Chew on This
Long Island City Was Epicenter Of Women In The Workforce
As we celebrate Women’s History month let us recognize the year 1919. It marked the time in America’s history when women were given the right to vote after the ratification of the 19th amendment on June 4th of that year. From that point on everything began to change. Social standards for women began to loosen and there was much to celebrate. New industries like cosmetics and fashion were created almost over night. Clothing styles became less restrictive. Corsets and girdles were replaced by looser and more comfortable fitting cloths. And then of course was the biggest progressive movement of the time. Women in the workforce.
Women participated in all fields of labor including factory work. With the advent of the assembly line now revolutionizing manufacturing, more and more jobs became available and thus women took advantage. One of the largest employers of women in Long Island City was the American Chicle Company, which produced Chiclets chewing gum. Built in 1919, as part of the Degnon Terminal industrial park, the chicle factory received raw chicle (the substance used to make gum) via a direct railway connection. America’s favorite chewing gum was processed here by a production staff that included 1,600 employees most of who were women.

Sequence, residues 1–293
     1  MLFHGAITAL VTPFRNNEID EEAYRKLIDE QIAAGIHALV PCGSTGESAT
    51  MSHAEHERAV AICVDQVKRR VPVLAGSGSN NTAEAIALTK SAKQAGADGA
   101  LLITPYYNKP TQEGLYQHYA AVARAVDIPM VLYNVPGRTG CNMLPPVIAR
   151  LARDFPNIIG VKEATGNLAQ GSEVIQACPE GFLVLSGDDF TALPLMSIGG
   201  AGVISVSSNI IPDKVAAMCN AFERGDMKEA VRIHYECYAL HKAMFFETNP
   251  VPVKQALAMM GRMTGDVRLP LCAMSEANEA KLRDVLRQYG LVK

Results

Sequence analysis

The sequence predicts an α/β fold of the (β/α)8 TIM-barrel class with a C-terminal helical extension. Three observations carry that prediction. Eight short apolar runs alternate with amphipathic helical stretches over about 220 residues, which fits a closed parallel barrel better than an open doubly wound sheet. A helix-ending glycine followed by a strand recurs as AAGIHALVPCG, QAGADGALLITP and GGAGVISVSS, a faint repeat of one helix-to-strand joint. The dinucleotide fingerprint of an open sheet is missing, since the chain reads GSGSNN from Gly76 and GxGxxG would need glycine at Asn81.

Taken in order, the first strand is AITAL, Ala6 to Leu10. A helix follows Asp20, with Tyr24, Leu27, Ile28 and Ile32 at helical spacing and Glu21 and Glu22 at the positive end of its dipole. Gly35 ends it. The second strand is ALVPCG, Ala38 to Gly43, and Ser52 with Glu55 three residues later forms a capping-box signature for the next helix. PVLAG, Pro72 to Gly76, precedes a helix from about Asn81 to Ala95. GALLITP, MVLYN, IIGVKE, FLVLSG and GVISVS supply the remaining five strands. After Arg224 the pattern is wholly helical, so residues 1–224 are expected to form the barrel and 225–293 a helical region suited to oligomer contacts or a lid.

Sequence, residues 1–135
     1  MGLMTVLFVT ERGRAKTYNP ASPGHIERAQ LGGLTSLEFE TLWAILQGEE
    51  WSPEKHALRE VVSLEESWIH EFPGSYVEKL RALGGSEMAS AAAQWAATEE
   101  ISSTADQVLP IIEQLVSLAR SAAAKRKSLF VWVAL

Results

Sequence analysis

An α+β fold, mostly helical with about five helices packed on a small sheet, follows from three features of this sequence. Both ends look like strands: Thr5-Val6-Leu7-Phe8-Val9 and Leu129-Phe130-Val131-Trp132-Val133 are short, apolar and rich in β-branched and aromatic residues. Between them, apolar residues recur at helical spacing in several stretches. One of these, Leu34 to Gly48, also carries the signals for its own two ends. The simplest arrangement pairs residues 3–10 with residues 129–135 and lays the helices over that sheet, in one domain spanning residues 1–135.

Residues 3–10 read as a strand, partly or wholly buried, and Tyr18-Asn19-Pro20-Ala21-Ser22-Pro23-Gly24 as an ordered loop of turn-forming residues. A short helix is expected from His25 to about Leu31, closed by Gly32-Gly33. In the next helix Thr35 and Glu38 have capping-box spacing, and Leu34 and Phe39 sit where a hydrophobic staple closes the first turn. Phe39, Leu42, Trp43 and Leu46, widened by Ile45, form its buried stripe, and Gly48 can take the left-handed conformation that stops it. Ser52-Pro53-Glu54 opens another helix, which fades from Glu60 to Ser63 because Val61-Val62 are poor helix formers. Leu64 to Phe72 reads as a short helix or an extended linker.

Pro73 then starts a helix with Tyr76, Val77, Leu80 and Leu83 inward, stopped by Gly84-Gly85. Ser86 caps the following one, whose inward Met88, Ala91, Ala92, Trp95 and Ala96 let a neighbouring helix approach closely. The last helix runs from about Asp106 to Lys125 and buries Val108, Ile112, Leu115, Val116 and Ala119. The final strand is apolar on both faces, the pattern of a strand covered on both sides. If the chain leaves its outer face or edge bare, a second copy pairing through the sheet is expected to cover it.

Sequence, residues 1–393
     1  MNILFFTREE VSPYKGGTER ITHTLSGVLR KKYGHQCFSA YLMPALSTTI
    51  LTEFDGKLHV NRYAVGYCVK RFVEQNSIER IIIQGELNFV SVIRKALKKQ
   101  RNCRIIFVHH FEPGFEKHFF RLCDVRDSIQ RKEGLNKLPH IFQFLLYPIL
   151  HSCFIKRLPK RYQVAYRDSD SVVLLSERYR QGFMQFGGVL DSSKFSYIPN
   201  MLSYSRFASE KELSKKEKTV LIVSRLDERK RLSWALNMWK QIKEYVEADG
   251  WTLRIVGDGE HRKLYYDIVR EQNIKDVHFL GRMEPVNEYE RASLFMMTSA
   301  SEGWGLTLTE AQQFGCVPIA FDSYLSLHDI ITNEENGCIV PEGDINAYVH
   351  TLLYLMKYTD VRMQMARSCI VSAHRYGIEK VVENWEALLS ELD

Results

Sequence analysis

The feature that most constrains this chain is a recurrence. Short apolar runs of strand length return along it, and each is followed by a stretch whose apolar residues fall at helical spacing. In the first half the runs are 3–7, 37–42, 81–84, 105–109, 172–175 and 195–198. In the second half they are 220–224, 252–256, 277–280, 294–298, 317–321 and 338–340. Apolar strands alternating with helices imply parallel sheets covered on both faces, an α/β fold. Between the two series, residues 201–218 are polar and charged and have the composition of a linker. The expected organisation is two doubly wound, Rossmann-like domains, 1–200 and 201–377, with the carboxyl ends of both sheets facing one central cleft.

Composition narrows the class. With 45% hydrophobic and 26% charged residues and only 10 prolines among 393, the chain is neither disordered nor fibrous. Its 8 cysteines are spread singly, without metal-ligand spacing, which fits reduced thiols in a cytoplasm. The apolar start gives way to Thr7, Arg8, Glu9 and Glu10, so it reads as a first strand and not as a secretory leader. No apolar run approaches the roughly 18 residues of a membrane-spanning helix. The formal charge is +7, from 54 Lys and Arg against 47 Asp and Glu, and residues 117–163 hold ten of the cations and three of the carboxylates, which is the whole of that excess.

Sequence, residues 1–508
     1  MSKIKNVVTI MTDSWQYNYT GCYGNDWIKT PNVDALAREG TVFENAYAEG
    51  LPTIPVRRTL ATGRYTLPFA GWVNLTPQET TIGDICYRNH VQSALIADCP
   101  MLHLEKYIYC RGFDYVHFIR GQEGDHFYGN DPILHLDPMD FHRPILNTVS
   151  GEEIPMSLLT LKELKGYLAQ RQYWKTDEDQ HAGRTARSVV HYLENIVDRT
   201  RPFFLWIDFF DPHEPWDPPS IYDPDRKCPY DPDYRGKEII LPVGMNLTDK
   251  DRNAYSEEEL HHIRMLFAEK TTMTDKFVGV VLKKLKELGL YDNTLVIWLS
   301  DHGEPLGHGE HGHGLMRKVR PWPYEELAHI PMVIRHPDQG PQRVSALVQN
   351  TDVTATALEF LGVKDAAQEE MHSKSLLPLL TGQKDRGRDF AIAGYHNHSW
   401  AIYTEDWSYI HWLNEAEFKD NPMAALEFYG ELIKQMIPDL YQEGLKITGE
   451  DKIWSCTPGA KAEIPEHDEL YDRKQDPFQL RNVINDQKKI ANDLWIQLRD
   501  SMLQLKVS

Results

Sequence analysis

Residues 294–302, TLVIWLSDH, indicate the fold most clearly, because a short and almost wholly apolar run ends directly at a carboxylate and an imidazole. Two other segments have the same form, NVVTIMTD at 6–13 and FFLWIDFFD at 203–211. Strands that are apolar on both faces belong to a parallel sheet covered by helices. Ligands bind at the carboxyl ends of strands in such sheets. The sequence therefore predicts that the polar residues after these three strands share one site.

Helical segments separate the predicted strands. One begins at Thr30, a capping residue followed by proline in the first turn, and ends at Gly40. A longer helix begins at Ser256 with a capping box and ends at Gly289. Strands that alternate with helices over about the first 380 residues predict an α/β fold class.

The gum material began its processing journey like so. It was delivered by rail and offloaded by both men and women laborers. It was sent to the top floor for spraying so it could remain moist for processing. Gravity conveyors then moved the gum to each floor for chewing gum production. The production was almost exclusively women. The result was one of the most popular chewing gum brands still in existence until this day.
Now the headquarters of the New York City School Construction Authority, the building’s façade is dominated by a two-story central tower. Located at 30-30 Thomson Avenue, the factory building was famous for its three large red neon rooftop signs that once advertised “Dentyne,” “Adams Black Jack,” and “Chiclets” to passing commuters on the Long Island Rail Road. On November 22, 1976, an explosion killed one worker and injured more than 60 people. The factory closed its doors in 1981. According to the New York Times article about the disaster, “The aroma of spearmint filled the air and hot gum stuck to the boots of firemen battling the blaze.”
It was concluded that a stray spark might have ignited combustible dust, triggering the blast.